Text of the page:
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The Government and Politics of Lebanon

Second Edition

Imad Salamey

The Government and Politics of Lebanon, Second Edition describes the special attributes of Lebanese politics and the functions of its confessional state. It aims to contribute to the reader’s understanding of contemporary Lebanese politics, consensus building, and government. It stimulates discussion concerning the nature of consociationalism as a power sharing arrangement for a divided society. The book captures the complexity of Lebanese politics by revealing the challenges embedded in the management of plurality, including institutional paralysis and system stagnations. The second edition features new and expanded chapters that pay particular attention to state’s adaptations to post-Arab Spring politics. It expands the analysis on the performance of the Lebanese consociational state in light of turbulent regional environment and the various repercussions associated with regional conflict. It is divided into several parts. The first introduces the particular form and foundations of Lebanese consociationalism and provides an elaborate description of its special features. The second part explains the different rules of the game as institutionalized in the country’s international and domestic power sharing arrangements. It describes the international politics of Lebanon and the influence exerted by regional powers in shaping its domestic affairs. It explains the manifestation of domestic parties and electoral systems in the power distribution among the country’s different sectarian and ethnic groups. It analyzes the political economy of communitarian politics. The third part focuses on the contemporary powers and functions of the different branches of government as well as their institutional expression of sectarian interests. The fourth part of the book places Lebanese consociationalism in light of contemporary regional turmoil and describes state’s responsiveness in mitigating and managing conflicts, particularly those associated with the spillover from the Syrian conflict.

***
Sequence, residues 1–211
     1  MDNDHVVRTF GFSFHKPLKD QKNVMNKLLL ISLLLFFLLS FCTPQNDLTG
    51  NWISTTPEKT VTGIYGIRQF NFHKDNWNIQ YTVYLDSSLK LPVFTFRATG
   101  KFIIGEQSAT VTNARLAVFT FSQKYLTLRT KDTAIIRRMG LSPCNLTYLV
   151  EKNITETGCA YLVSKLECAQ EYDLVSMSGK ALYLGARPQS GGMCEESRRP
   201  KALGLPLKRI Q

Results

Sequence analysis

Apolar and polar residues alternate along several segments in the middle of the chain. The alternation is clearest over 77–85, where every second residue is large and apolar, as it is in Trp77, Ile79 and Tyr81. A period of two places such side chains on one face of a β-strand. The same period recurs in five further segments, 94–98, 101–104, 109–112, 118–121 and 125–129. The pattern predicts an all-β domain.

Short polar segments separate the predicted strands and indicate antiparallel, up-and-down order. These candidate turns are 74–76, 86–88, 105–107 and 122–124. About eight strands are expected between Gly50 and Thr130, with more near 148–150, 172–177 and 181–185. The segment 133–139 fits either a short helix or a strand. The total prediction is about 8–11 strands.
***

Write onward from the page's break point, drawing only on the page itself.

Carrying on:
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12. Lebanese Executive Branch

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This chapter provides a detailed account of the functions and roles of the president and prime minister. The Council of Ministers is also examined in terms of its power, process of formation, portfolios, general organization, constitutional terms, contemporary role, political makeup, and types of policy issues under its jurisdictions, required quorums, relations to legislative and judicial branches, and the current political and sectarian makeup of the Council. Local government is also discussed, particularly its role at the municipal level, powers, and its various administrative formations.

Presidential versus Parliamentary Systems

Democracies are generally divided into presidential and parliamentary systems. In a presidential system, the head of state is the president, who is directly elected by the entire population of the country. It is typically the case that significant power is vested in the office of the president, who can claim direct and sole national allegiance as reflected in the ballot box. Members of Parliament, on the other hand, are elected by geographically limited constituencies. In Egypt, for example, the president is the only public servant elected by the entire population. As ←199 | 200→a representative of the entire national will, he summons in his office very significant powers that often overwhelm other branches of government. In the United States, the president heads the cabinet and appoints all its members. Because of his very dominant role and constitutional powers, the US president becomes the head of the party and leads a very active role in directing the Congressional...

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